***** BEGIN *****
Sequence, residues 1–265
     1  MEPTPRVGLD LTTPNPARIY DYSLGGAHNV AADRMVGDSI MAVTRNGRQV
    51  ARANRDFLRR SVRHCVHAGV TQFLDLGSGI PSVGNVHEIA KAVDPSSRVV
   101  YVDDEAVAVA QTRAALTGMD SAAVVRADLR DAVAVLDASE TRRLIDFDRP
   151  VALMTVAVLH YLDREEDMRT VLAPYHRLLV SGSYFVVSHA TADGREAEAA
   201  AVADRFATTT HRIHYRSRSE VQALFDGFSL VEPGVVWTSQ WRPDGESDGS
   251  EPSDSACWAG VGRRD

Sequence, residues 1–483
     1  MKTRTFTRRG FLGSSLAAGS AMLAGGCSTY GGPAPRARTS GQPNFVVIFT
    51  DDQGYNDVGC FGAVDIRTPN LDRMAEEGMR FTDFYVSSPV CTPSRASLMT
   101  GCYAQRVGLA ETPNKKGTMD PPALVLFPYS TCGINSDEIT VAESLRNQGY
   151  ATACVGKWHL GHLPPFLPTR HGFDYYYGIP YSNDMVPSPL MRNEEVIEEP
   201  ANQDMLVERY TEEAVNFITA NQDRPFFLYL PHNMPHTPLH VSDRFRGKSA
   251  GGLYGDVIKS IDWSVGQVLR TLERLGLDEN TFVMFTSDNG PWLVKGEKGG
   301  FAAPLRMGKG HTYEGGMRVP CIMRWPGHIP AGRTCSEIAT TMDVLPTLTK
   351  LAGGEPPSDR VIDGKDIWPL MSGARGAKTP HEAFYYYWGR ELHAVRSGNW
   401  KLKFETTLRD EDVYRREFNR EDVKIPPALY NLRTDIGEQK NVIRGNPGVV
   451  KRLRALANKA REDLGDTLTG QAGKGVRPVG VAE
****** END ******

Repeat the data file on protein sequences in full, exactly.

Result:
Sequence, residues 1–265
     1  MEPTPRVGLD LTTPNPARIY DYSLGGAHNV AADRMVGDSI MAVTRNGRQV
    51  ARANRDFLRR SVRHCVHAGV TQFLDLGSGI PSVGNVHEIA KAVDPSSRVV
   101  YVDDEAVAVA QTRAALTGMD SAAVVRADLR DAVAVLDASE TRRLIDFDRP
   151  VALMTVAVLH YLDREEDMRT VLAPYHRLLV SGSYFVVSHA TADGREAEAA
   201  AVADRFATTT HRIHYRSRSE VQALFDGFSL VEPGVVWTSQ WRPDGESDGS
   251  EPSDSACWAG VGRRD

Sequence, residues 1–483
     1  MKTRTFTRRG FLGSSLAAGS AMLAGGCSTY GGPAPRARTS GQPNFVVIFT
    51  DDQGYNDVGC FGAVDIRTPN LDRMAEEGMR FTDFYVSSPV CTPSRASLMT
   101  GCYAQRVGLA ETPNKKGTMD PPALVLFPYS TCGINSDEIT VAESLRNQGY
   151  ATACVGKWHL GHLPPFLPTR HGFDYYYGIP YSNDMVPSPL MRNEEVIEEP
   201  ANQDMLVERY TEEAVNFITA NQDRPFFLYL PHNMPHTPLH VSDRFRGKSA
   251  GGLYGDVIKS IDWSVGQVLR TLERLGLDEN TFVMFTSDNG PWLVKGEKGG
   301  FAAPLRMGKG HTYEGGMRVP CIMRWPGHIP AGRTCSEIAT TMDVLPTLTK
   351  LAGGEPPSDR VIDGKDIWPL MSGARGAKTP HEAFYYYWGR ELHAVRSGNW
   401  KLKFETTLRD EDVYRREFNR EDVKIPPALY NLRTDIGEQK NVIRGNPGVV
   451  KRLRALANKA REDLGDTLTG QAGKGVRPVG VAE